Washington is not a class town", a sculptor friend, a native of New York, said the other day. I had heard him say before that the National Gallery is not, after all, the Metropolitan. But to me, coming as I do from Commerce, Texas, Washington seems classy indeed. "Well," I said grudgingly, just to be agreeable, "maybe Adams-Morgan doesn't have quite the ambience of the Upper West Side."

"No," he hissed. "Godiva."

I was slow to understand, envisioning 42nd Street, an enormous bar where where naked women danced on the backs of horses.

"Chocolate!" he fairly shouted. "I mean Godiva chocolate!"

I should have known. This man eats chocolate the way I smoke cigarettes, but without guilt. He keeps chocolate in his studio, has been known to consume a one-pound box in an afternoon. But he wasn't talking about just any chocolate. I could tell by the way the word Godiva curled around his tongue.

I had, of course, heard of Godiva chocolate. I even knew it was expensive, considered by many the ne plus ultra of chocolate. When I was growing up, the special candy was the box of Lamm's pralines, the chewy kind, my father brought home from business trips to Austin. It was my mother's favorite candy, too, until she discovered Godiva when Neiman-Marcus began carrying it in the late '60s. It was extravagant, she told me, European. She gave it as gifts only to those whom she wanted to pay special attention, set it out after only the fanciest dinner parties. I still preferred Lamm's.

"I mean, there's no place to buy Godiva," my friend continued his lament. "You used to be able to buy it by the bulk, the way it should be bought. Neiman-Marcus, Chocolate House of Watergate -- it's all prepackaged." He snorted with contempt.

"But," I reminded him, suddenly remembering, "Garfinkel's . . . that little counter tucked away among the handbags, the expensive Italian ones . . . you can buy Godiva by bulk there."

"Garfinkel's?" Contempt, again, and exasperation mingled in his voice. "Oh, that's nothing, nothing at all. Not at all like the Fifth Avenue Godiva. Rows and rows of them . . . truffle, mousse, open oyster shell, scallop shell, topaz, flower, Lion of Belgium . . . " He ticked them off excitedly. "And the accessories. Limoges candy dishes, Limoges jars, Limoges dessert plates.

"Do you know what a perfect day is, an absolutely perfect day?" His eyes glowed as though he had just been given a show at the Museum of Modern Art. "It's September in New York. Maybe you go to a gallery in the morning, with a friend. Then lunch at a little Italian restaurant, say Gatopardo, a little insalata caprese, maybe fettucine primavera. You take your time, stretch it out all afternoon, watch the sun slanting down into the garden. Then you go around the corner to Godiva, buy a little bag, an assortment. You nibble them slowly, strolling up Fifth to -- " he sighed, "Gucci."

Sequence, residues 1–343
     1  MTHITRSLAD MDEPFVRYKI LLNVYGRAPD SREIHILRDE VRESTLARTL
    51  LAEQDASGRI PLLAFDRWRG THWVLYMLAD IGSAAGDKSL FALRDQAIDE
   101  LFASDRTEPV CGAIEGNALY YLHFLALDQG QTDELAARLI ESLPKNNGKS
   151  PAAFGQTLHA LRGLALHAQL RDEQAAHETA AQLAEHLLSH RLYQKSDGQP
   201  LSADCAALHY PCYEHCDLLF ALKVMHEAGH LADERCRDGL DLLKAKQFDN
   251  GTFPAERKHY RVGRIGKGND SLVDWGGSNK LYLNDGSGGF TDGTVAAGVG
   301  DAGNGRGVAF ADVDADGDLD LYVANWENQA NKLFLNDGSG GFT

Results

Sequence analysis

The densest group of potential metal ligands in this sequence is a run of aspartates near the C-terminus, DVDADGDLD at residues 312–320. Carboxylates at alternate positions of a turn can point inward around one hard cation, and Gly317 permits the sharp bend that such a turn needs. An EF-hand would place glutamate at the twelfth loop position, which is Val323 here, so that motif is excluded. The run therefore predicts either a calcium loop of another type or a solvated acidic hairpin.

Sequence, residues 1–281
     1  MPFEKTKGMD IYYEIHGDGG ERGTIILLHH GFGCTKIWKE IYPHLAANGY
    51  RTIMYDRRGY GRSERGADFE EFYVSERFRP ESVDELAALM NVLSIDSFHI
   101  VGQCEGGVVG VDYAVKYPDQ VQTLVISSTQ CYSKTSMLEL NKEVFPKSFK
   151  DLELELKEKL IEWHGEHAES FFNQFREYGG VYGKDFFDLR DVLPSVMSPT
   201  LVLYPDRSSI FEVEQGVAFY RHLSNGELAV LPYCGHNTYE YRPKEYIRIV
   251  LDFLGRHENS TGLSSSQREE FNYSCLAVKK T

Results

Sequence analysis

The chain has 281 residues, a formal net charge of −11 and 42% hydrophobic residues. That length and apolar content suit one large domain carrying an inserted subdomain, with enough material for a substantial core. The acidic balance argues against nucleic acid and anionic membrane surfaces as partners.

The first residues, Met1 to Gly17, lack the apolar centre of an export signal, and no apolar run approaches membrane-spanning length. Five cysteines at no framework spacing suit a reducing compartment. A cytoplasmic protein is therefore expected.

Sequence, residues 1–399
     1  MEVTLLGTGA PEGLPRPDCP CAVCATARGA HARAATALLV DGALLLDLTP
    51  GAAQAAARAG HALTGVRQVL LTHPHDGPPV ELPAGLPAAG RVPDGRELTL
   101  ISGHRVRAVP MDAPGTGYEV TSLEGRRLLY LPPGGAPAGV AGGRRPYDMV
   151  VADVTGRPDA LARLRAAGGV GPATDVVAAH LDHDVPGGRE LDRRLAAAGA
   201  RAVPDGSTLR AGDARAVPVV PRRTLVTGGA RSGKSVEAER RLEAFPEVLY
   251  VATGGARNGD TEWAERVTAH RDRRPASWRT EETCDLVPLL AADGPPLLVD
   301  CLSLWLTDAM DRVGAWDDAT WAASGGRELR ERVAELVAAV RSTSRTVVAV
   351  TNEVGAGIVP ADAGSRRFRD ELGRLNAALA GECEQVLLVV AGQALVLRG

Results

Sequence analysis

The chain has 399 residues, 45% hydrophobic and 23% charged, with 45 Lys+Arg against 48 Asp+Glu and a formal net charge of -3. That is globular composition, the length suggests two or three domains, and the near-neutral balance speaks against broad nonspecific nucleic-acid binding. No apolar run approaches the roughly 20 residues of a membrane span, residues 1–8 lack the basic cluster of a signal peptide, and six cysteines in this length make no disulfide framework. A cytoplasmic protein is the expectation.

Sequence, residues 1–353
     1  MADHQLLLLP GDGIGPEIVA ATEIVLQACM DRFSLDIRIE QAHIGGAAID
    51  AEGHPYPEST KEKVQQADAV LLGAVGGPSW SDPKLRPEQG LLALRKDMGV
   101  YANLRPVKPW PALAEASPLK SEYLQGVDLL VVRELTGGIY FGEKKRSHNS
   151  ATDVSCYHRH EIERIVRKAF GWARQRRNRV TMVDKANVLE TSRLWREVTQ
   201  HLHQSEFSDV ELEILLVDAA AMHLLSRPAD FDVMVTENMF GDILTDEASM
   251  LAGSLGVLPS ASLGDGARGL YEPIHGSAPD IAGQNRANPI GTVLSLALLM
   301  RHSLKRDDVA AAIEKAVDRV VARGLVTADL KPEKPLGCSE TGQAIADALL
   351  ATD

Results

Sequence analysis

He shrugged."What can you do when you leave Garfinkel's? Eat Godivas while you stroll around to 15th Street to watch the construction workers tearing down the Albee-Keith?"

To my friend, I realized, it is not just that Godiva chocolate is, at $11 a pound, more expensive than most, though that is surely part of the appeal: Godiva is to chocolate what polyurethane wheels are to roller skates -- costliness increases popularity. But if it were that, he says, he could go to Kron's Chocolatier in Mazza Gallerie where a box of assorted chocolates costs $18 a pound- Kron's, he says, is vulgar. "All those chocolate telephones and tennis rackets! Those arms and legs and torsos!" He rolls his eyes skyward.

He insists it is because Godiva is better. No preservatives, only the finest ingredients, the finest chocolates and liqueurs. And the texture, he says. "Even the dark chocolate isn't brittle. It yields," he almost whispers, "like a woman's breast." And it is beautiful: little jewels, hand-sculpted. "An artist approaches everything as a sensual experience," he tells me.

But it is really a matter of being a purist, of doing things a certain way, of everything associated in his mind with the purchase of Godiva chocolates. There are even Godiva purists so prestine, I have discovered, that they sneer at all the Godiva chocolate sold in the United States, most of which is manufactured in Reading, Pa., rather than at the original factory in Brussels. A Belgian woman I know, who has lived here many years, goes back to Europe every six months. Does she still miss her family and friends so very much, I wondered? "Yes, I miss them," she answered, "and the Godiva here is not the same."

I have eaten Godiva chocolate in all its variety, have compared it with Kron's, and with baci, the little Perugina kisses imported from Italy. I still prefer Lamm's pralines. Especially a box bought at the Driskill Hotel in Austin, Texas.

Recently a friend's sister was visiting from Paris, where she has been living for several years, working as a high-fashion model for the best magazines, the best couturier houses. Paris, where Godiva chocolate is as plentiful as flowers in the Tuileries, as little boats on the Seine, as inexhaustible as tourists swarming the Eiffel Tower.

There was only one place she wanted to go in Washington. The White House? The Washington Monument? Tramps?$5"No," she said, her wide green eyes growing wider. "Do you know what I miss most in Paris?"

I couldn't imagine, I answered.

"Fannie May's, she said, and she licked her cherry-red lips.